Potential investor, has $ and outside income, need advice

Any advice greatly appreciated.

My situation:

mid 50s, wife late 40s, 2 yr. old daughter. Wife finishing medical residency next Oct. Probably begin PT practice 1st qtr. 2017 so she can spend time with daughter. Expect combined income at that point to be $140 - $170K. Not sure she’ll ever go into FT practice.

Would like to invest in SFH rentals to help finance retirement.

I’m cash poor because all $ is paying live-in nanny for daughter plus fully funding 401ks to reduce tax bite.

My assets are ~ $450K in primary home and condo where wife lives. No mortgage on either. Have ~$500K in retirement accounts. NOT willing to use retirement $ for rental DPs. Only debt is HELOC used to pay nanny and car payment which is paid off in 3 months. HELOC balance will be same as sales price of condo when I sell it next fall so no $ in my pocket at time of sale.

Probably buying new home next fall so sister can move in with us (in-law apt.) and intend to use $100K from sale of current home for DP. Would use the remaining $250K to fund rental DPs. I think this would be enough to fund 4 - 5 rental DPs for rentals in the $175K - $200K price range.

Under this scenario, I est. mortgage of $300 - $400K on primary and additional mortgages on rentals of ~ $600K. My plan was to greatly reduce 401K contribution and use monthly rental positive income to prepay rental mortgages. I think I’ll only be able to pay off 2 mortgages by the time I’d like to retire leaving me with substantial mortgage debt in retirement.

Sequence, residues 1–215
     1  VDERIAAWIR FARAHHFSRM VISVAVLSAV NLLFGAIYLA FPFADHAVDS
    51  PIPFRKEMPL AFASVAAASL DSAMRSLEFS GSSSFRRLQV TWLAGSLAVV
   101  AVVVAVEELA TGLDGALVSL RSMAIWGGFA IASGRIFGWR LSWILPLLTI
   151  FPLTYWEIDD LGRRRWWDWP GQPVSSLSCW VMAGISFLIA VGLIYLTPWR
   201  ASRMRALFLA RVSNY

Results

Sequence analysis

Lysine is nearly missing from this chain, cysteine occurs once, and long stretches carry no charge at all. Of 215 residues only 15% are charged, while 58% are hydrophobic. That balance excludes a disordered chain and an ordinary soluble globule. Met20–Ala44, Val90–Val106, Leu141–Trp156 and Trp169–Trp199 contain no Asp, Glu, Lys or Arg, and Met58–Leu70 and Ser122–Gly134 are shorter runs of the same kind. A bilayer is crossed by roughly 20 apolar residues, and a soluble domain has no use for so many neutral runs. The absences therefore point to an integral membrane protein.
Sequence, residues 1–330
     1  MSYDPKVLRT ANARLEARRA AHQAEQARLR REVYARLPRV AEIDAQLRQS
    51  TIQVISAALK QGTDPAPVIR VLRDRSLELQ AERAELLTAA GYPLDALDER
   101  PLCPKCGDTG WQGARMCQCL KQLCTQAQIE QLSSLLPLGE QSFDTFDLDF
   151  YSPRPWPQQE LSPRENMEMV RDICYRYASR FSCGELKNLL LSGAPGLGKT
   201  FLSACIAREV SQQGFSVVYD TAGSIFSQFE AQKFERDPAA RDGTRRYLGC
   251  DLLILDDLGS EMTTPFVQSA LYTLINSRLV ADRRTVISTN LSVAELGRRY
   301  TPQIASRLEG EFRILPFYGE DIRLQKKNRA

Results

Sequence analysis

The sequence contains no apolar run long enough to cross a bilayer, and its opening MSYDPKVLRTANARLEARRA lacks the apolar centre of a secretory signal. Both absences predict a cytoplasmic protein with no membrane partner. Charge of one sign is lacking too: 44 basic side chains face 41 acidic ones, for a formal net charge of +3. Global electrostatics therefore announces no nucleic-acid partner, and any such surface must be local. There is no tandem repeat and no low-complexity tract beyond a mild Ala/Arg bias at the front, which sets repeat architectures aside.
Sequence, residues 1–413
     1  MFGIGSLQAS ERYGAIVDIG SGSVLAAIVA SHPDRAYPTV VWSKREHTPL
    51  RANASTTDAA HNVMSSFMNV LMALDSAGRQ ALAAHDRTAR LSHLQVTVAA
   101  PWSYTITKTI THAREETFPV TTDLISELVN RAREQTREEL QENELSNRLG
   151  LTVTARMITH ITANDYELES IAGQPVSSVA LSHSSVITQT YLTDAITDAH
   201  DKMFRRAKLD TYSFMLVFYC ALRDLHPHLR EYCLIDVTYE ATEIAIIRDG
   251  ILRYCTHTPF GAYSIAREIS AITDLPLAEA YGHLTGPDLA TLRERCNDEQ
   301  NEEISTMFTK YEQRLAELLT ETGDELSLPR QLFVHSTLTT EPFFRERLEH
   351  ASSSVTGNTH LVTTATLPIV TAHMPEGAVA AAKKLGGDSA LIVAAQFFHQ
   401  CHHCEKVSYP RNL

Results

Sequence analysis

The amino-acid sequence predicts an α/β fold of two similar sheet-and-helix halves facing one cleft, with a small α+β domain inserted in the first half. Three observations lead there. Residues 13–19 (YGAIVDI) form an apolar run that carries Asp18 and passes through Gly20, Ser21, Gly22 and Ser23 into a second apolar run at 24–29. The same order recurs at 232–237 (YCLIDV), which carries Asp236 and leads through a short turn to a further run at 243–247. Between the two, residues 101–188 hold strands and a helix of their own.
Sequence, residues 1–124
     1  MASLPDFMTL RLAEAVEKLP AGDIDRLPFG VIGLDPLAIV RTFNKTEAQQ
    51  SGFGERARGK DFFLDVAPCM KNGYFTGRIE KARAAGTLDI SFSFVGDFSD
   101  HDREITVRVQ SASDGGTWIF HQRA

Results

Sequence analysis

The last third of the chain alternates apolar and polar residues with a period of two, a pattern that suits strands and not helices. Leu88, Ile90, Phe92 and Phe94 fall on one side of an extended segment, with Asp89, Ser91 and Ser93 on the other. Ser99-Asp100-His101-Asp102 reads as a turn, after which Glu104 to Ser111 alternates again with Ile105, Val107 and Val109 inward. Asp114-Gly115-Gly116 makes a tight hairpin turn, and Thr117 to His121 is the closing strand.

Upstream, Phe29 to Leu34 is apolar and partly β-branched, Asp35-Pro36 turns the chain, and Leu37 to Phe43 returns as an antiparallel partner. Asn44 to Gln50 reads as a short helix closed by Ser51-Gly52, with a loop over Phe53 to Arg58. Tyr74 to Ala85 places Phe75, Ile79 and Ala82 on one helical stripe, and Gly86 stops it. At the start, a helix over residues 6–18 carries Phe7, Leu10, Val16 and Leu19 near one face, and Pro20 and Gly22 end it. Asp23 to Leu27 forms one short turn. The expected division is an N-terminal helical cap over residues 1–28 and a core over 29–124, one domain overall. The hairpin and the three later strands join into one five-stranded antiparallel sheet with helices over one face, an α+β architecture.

How concerned should I be with this debt level with only 10 -12 yrs. until retirement. Should I reduce target # of rentals from (4 or 5) to (2) ? I recognize that in the long term rentals can greatly increase net worth but is it too late in the game for me to make rentals a large part of my retirement plan (4 - 8 SFH rentals)?

I should clarify from original post that my plan was to reduce 401k contributions and use added take home pay plus the income from the rental properties to prepay the mortgages on the rentals one at a time. Once I paid those off, I’d use rental income to prepay mortgage on primary residence.

You’re not gonna like my advice, but you asked…

Emptying out the equity in real estate to pay for a car and a nanny, and then dumping the asset, is frankly the stupidest thing I’ve heard in a while.

How many years did it take you to get free and clear on that condo? How many months will it take you to unwind all that on automobiles and “nanny” payments?

Drive the Pinto, and have mommy stay home. Have her sacrifice the job deal, rather than make your baby sacrifice its emotional and psychological development.

Otherwise, there’s a reason rich kids kill their parents in their old age, and abandon them when they’re most wanted and needed.

You know, here’s a way to get rid of that inconvenience ahead of time, without milking and dumping the condo; just shoot the baby. You know, protect yourself from it in advance?

Meantime, if you can’t afford the car, or the nanny, it’s certainly not worth it for your baby, and yet you’re liquidating assets to do just that?